That is one of the things that I think they might go into. Coastwise steamers might carry the stone. That is one of the points that they really have got to look into. The Ministry of Transport has recommended that they should set up within their industry an organisation devised to secure efficient propaganda in favour of British quarry products; that they should display the value of British material on trial sections of road and get local authorities to see it, and therefore to order it; and that they should adopt a policy of standardisation. This is what the noble Viscount referred to. They have at present got a great number of different sizes into which they cut their stone. It is unnecessary and expensive and it would be far better if they had a standard specification. The British Engineering Standards Committee is going into it, and is engaged on it now with a view of seeing whether a recognised standard cannot be arrived at. They must secure co-operation between the industry and the various transport agencies—that is where the noble Viscount's suggestion comes in—and prompt and reliable deliveries, if need be, by sea-borne transport. There are indications that steps are being taken to improve matters, but there is no question that a great deal remains to be done. There is no question of a subsidy, because neither from the Unemployment Grants Committee, nor from the Road Fund, nor from the Development Committee, could any grant be made to these quarry owners. Nor, if I may respectfully say so—and may I differ from the noble Lord who spoke last—is it any question of tariffs or Protection of the British industry.

It is in this case, as I am afraid in a good many other cases, a lack of efficiency, a failure to realise the great opportunity that is within their reach, and a want of the development of more business-like methods which would allow them to meet the very great demand for this particular material which at present exists. I feel sure that they can put their house in order and that they can gradually meet the demand. The price of British granite is going down. The price of Norwegian granite is slightly rising. Road construction is increasing in volume, and I feel sure that quarry owners all over the country, following the example that has been given by the Leicestershire quarry owners, will do their utmost to employ more men and to set up machinery which can adequately deal with this problem. I may say that I have no Papers to present.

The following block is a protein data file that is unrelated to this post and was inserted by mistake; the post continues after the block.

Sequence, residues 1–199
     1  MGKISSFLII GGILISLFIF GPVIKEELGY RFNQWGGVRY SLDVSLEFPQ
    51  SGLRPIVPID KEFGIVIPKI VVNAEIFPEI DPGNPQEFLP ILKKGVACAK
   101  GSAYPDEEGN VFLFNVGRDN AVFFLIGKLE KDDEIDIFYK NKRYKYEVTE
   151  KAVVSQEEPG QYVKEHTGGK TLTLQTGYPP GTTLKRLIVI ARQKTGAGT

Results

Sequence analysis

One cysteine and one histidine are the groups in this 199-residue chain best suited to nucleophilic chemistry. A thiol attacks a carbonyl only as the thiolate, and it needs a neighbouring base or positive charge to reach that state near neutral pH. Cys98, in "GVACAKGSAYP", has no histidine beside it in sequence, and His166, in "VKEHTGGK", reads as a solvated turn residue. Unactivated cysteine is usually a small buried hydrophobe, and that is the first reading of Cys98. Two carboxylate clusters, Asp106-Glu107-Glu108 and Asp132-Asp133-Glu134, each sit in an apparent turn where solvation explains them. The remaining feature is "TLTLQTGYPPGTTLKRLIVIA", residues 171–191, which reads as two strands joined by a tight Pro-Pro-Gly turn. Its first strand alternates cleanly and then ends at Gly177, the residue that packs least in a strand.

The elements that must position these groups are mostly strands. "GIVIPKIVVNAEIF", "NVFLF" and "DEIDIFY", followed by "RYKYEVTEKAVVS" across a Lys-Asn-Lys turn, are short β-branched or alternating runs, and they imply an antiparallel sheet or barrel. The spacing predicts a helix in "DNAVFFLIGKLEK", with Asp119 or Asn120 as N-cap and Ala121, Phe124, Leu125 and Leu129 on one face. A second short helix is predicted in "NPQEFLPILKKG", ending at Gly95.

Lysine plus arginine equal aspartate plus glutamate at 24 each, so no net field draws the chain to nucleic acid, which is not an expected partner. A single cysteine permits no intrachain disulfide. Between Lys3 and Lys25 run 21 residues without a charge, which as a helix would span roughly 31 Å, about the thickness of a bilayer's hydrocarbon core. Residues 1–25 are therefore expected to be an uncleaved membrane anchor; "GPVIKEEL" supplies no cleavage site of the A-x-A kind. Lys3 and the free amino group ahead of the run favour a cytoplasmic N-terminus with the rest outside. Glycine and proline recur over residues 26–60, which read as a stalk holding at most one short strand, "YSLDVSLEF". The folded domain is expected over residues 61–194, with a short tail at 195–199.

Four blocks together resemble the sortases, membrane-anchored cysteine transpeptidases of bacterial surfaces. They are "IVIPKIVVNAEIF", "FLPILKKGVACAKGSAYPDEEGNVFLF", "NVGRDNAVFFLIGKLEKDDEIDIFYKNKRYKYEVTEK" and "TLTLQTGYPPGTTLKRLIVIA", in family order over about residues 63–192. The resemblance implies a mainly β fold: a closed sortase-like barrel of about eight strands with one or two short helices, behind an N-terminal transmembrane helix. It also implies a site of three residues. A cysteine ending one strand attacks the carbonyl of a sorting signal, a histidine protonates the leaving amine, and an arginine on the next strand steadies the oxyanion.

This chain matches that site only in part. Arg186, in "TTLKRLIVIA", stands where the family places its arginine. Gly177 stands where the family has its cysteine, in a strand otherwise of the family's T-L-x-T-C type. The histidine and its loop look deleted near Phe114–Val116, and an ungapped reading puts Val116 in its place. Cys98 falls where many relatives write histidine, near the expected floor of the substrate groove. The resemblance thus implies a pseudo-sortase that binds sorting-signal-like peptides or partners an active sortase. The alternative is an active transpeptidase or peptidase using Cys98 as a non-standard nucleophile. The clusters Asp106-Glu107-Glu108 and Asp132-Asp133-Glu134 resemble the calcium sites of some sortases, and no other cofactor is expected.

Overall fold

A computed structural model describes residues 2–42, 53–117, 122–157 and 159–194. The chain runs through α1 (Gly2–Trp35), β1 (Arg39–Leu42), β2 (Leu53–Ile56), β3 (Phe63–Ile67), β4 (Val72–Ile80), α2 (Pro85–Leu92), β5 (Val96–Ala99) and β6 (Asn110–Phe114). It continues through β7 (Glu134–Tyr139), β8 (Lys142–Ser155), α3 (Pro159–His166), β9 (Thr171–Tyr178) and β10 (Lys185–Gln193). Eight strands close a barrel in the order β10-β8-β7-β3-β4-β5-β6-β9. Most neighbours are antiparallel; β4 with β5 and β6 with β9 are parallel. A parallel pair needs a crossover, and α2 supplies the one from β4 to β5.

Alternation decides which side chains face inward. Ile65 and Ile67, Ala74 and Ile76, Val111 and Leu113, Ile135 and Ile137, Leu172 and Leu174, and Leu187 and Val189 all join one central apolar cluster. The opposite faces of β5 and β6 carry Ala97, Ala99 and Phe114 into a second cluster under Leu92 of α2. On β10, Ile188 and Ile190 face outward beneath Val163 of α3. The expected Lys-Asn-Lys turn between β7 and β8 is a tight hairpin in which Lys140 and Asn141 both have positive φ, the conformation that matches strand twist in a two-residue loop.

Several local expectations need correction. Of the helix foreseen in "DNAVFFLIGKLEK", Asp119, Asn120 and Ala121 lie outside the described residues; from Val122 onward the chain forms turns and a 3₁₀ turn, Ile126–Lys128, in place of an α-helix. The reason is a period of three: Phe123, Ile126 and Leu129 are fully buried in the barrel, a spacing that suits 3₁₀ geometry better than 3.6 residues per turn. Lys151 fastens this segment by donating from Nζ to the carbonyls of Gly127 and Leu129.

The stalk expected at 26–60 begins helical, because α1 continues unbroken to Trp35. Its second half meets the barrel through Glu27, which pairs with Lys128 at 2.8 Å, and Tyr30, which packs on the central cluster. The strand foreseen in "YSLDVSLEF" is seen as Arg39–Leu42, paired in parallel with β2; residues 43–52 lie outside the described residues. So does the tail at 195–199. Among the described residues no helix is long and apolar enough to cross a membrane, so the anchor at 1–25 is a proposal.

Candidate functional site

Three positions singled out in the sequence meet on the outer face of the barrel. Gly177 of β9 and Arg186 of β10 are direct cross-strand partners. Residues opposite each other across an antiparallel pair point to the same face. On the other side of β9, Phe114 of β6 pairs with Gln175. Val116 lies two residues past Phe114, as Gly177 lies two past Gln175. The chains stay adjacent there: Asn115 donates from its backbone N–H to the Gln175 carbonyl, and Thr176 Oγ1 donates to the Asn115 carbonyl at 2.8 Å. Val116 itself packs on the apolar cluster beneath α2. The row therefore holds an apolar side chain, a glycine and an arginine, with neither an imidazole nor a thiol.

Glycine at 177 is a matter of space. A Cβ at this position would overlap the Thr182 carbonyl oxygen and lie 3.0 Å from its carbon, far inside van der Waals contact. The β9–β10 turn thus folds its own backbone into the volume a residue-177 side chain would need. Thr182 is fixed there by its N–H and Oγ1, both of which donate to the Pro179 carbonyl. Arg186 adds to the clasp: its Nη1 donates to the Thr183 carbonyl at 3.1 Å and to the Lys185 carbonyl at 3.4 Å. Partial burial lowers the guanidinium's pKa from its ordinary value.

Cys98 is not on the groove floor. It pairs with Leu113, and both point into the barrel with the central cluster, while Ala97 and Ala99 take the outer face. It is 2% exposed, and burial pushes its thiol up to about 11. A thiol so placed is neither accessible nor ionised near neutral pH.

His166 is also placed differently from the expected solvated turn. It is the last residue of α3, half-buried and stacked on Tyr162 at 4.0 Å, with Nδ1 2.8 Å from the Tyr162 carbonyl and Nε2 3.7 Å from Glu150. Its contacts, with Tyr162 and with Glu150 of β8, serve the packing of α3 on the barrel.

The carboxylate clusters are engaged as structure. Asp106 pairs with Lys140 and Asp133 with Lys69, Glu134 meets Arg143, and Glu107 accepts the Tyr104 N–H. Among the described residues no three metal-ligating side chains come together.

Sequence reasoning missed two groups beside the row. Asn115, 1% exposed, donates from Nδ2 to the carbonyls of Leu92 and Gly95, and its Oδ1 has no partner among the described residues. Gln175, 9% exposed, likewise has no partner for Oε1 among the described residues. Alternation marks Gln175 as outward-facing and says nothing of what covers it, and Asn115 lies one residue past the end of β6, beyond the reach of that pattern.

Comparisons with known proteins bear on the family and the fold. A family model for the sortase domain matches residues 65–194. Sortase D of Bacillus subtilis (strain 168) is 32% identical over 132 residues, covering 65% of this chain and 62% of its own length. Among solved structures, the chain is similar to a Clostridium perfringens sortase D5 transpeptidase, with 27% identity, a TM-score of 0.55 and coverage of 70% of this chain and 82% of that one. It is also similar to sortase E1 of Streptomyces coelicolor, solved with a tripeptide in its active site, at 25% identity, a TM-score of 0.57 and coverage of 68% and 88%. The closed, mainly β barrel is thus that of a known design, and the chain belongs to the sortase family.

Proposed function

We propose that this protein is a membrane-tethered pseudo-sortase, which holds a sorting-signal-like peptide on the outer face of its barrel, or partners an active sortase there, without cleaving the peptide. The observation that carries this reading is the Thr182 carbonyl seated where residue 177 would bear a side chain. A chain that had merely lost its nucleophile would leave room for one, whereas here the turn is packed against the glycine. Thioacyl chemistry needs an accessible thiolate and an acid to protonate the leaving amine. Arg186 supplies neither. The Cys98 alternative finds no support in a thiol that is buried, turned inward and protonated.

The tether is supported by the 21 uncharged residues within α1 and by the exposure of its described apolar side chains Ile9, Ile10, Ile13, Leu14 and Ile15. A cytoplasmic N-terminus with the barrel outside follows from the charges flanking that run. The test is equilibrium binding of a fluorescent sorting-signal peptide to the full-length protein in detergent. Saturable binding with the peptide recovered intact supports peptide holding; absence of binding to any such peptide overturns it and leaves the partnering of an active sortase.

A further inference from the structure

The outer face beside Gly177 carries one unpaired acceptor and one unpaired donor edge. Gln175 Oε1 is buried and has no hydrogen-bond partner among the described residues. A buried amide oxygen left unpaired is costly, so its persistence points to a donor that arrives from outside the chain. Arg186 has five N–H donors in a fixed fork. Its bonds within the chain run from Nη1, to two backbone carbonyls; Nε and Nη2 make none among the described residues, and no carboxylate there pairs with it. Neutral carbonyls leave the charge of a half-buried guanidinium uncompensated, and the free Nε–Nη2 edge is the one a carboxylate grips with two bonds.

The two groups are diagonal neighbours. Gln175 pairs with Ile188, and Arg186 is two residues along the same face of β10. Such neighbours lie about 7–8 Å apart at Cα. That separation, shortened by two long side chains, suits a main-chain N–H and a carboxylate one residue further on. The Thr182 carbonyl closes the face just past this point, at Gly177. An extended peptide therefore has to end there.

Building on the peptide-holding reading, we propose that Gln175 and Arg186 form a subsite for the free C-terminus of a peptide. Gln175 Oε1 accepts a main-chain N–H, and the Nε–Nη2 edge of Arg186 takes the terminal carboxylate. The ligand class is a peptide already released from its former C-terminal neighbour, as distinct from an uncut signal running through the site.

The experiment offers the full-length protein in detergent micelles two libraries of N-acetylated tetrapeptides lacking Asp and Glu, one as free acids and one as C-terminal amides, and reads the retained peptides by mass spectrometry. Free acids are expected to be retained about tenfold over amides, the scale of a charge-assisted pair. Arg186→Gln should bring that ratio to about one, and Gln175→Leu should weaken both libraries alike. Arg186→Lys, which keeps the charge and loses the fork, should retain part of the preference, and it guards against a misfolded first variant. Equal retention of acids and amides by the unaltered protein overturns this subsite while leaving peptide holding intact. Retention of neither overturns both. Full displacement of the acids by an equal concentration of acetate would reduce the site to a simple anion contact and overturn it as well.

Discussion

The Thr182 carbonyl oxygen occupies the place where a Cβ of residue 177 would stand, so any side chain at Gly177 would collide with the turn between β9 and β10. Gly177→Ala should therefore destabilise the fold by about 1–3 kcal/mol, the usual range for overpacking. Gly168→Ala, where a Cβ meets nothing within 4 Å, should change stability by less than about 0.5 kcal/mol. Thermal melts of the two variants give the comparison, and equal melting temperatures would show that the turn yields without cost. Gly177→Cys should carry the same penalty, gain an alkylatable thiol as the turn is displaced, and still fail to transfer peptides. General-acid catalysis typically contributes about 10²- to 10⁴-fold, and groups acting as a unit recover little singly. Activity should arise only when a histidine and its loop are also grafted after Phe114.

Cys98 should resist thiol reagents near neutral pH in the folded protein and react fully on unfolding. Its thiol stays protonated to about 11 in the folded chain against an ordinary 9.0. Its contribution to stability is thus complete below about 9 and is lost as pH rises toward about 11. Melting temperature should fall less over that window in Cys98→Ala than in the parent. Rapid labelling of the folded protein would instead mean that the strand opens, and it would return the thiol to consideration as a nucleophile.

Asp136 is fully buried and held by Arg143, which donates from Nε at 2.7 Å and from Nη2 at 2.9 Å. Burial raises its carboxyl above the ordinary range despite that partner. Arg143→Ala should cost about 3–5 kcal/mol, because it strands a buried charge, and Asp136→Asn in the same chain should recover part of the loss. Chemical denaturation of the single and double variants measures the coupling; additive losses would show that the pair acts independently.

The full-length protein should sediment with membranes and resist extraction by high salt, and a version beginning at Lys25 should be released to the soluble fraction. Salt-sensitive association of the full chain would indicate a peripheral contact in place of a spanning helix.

My Lords, may I ask the noble Lord who replied for the Government whether he said that 134,000 tons was the total importation of Norwegian granite? I should like also to ask what period that covered and whether it was entirely in the form of granite setts? I ask those questions because my noble friend Lord Cushendun referred to a quarry in Aberdeenshire in which a great many quarrymen have been put out of work. Their complaint, as I understand it, is that the importation of Norwegian granite setts has cut their trade.

LORD PONSONBY OF SHULBREDE My Lords, I did not perhaps make it quite clear, and I think that the noble Lord has misunderstood what I said. The 172,000 tons was of broken road stone, not granite.


My Lords, might I supplement that question? Can the noble Lord say what the importation of granite setts from Norway amounted to?


I regret, my Lords, that I cannot give that figure with any, accuracy.


My Lords, I have to thank the noble Lord, Lord Ponsonby, for the information that he has given. May I say, with regard to the remarks of my noble friend Lord Cushendun, that perhaps he was a little bit heavy on me. I did not accuse the quarry owners. I said that there was a certain lack of efficiency, but I prefaced my remarks by saying that it was an ex parte statement and that I was most anxious that some quarry owner should come into the open and give us a little more light from the other side. That the noble Lord very kindly did. I think, however, that he rather rode off on the Free Trade horse and saddled me with remarks that I certainly did not make. As I say, I am much obliged to the noble Lord, Lord Ponsonby, and with leave of your Lordships' House, I will withdraw my Motion.

Motion, by leave, withdrawn.